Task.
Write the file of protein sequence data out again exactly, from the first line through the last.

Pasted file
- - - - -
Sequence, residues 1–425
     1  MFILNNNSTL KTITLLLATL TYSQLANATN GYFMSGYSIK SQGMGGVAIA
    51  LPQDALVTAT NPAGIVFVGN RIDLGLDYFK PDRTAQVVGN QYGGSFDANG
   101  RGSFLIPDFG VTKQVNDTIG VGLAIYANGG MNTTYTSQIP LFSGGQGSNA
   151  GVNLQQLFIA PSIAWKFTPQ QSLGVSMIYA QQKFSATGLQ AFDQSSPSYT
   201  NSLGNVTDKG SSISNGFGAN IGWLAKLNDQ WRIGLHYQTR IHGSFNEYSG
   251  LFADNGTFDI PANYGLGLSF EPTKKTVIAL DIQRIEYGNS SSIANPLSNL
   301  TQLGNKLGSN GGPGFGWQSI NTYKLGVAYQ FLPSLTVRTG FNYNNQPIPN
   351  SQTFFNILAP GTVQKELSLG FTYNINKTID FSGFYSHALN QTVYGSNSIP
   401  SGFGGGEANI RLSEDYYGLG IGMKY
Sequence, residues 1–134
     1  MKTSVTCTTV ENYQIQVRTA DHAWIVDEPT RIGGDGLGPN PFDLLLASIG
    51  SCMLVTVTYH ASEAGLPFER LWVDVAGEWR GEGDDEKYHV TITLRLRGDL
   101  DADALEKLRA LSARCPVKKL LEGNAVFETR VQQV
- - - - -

Sequence, residues 1–425
     1  MFILNNNSTL KTITLLLATL TYSQLANATN GYFMSGYSIK SQGMGGVAIA
    51  LPQDALVTAT NPAGIVFVGN RIDLGLDYFK PDRTAQVVGN QYGGSFDANG
   101  RGSFLIPDFG VTKQVNDTIG VGLAIYANGG MNTTYTSQIP LFSGGQGSNA
   151  GVNLQQLFIA PSIAWKFTPQ QSLGVSMIYA QQKFSATGLQ AFDQSSPSYT
   201  NSLGNVTDKG SSISNGFGAN IGWLAKLNDQ WRIGLHYQTR IHGSFNEYSG
   251  LFADNGTFDI PANYGLGLSF EPTKKTVIAL DIQRIEYGNS SSIANPLSNL
   301  TQLGNKLGSN GGPGFGWQSI NTYKLGVAYQ FLPSLTVRTG FNYNNQPIPN
   351  SQTFFNILAP GTVQKELSLG FTYNINKTID FSGFYSHALN QTVYGSNSIP
   401  SGFGGGEANI RLSEDYYGLG IGMKY
Sequence, residues 1–134
     1  MKTSVTCTTV ENYQIQVRTA DHAWIVDEPT RIGGDGLGPN PFDLLLASIG
    51  SCMLVTVTYH ASEAGLPFER LWVDVAGEWR GEGDDEKYHV TITLRLRGDL
   101  DADALEKLRA LSARCPVKKL LEGNAVFETR VQQV